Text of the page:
Coles ‘bagflip’ fiasco highlights the need for legislation – AustraliaPosted on August 12, 2018 by DrRossH in Plastic Limiting Regulations
Affordability is a large concern for many consumers and will outrank environmental standards in more instances than not.
Most importantly, self-regulation in the private sector relies on there being alternative options for the individual to exercise a choice. Whilst Coles and Woolworths own 51 per cent of the fresh fruit and vegetable market, shopping elsewhere can be a difficult task for those with busy lifestyles. In the context of waste, the majority consumer is unlikely to force business to adopt best practice behavior by consuming elsewhere. It is hardly surprising that a private business, or Coles in this instance, would fail to self-regulate plastic consumption all assumptions considered.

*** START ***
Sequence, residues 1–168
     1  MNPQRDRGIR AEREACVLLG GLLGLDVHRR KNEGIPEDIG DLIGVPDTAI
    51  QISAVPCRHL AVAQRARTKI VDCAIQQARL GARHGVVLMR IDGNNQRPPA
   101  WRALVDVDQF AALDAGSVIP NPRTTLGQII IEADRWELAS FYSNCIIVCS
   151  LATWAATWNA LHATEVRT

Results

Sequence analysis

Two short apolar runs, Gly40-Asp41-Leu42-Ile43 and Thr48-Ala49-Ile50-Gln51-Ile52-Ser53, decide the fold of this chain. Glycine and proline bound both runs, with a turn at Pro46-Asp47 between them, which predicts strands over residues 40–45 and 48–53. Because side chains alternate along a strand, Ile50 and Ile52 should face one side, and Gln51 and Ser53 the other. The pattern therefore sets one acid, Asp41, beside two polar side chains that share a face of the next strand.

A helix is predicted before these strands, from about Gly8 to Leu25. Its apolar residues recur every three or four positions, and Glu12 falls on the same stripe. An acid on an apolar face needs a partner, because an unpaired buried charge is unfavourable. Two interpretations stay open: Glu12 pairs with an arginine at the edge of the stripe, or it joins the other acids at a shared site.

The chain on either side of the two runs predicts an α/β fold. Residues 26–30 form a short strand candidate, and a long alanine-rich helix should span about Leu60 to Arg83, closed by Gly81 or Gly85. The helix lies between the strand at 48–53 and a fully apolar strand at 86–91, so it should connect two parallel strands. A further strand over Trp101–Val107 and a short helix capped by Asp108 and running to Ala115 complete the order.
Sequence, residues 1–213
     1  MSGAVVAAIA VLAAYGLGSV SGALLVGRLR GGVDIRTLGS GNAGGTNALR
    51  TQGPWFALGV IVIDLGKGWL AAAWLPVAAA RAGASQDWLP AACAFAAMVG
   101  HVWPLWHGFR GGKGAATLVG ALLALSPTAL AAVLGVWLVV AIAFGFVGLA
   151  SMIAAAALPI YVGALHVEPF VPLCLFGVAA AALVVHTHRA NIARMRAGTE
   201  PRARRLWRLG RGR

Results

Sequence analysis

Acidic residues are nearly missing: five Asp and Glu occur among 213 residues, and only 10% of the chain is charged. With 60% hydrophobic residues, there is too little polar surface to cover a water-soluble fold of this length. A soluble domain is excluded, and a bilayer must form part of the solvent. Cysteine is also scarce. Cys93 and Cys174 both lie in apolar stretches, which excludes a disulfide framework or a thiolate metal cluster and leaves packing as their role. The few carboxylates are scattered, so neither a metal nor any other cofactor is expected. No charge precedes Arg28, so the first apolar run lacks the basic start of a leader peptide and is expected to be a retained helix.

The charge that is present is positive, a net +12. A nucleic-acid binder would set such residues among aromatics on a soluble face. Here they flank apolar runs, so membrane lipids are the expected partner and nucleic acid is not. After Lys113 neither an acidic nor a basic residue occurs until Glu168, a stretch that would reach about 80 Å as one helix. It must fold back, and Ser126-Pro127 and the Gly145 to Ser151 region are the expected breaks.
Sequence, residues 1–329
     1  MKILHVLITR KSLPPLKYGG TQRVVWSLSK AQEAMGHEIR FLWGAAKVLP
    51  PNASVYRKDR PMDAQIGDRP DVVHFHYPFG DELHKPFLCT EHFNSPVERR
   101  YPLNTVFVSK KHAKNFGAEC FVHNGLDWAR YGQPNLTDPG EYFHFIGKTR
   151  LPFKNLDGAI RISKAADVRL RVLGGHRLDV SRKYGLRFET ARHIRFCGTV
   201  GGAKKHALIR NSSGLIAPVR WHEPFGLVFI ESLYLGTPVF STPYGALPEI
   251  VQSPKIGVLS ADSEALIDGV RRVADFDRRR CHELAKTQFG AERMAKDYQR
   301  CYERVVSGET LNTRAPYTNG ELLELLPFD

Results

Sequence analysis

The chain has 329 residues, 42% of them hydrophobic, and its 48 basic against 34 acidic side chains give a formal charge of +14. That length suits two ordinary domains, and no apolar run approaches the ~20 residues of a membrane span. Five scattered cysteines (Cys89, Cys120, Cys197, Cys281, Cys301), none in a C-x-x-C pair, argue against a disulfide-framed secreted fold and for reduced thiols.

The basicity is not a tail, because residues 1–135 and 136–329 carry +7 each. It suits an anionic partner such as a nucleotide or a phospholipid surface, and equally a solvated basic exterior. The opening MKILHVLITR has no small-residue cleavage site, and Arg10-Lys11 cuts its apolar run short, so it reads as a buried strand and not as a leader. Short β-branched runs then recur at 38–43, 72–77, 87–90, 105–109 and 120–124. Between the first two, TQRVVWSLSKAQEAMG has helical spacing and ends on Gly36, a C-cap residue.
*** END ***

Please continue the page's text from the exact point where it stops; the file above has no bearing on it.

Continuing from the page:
We believe every stewardship scheme in Australia in modern times has failed to achieve what it set out to do. Companies (i.e. the people that run companies, Yes the same people that have spouses, children and grandchildren they want to look after) are more interested in making money that looking after their families future welfare or the Environment. Australia so far behind the western world and its governments are very slow to react when it comes to impositions on big companies. What does that tell us?